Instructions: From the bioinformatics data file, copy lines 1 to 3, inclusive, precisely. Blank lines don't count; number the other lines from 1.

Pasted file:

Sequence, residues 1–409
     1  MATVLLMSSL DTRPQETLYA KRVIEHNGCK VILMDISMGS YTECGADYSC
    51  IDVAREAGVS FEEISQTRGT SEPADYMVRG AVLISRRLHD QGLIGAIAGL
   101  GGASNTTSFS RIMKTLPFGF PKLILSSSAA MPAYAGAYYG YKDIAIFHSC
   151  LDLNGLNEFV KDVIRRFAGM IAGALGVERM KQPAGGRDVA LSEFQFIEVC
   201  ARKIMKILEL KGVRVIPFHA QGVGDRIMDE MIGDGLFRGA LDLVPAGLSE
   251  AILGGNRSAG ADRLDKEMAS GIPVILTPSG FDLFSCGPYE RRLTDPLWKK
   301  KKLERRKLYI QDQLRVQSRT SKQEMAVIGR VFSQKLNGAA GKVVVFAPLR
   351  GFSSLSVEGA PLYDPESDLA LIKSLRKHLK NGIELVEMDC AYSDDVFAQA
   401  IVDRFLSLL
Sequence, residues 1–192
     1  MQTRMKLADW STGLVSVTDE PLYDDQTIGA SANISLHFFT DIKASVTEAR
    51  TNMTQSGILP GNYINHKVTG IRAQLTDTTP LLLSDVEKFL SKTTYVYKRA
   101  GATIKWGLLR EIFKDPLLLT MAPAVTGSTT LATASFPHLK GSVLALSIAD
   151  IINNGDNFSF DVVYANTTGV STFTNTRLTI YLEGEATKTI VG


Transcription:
Sequence, residues 1–409
     1  MATVLLMSSL DTRPQETLYA KRVIEHNGCK VILMDISMGS YTECGADYSC
    51  IDVAREAGVS FEEISQTRGT SEPADYMVRG AVLISRRLHD QGLIGAIAGL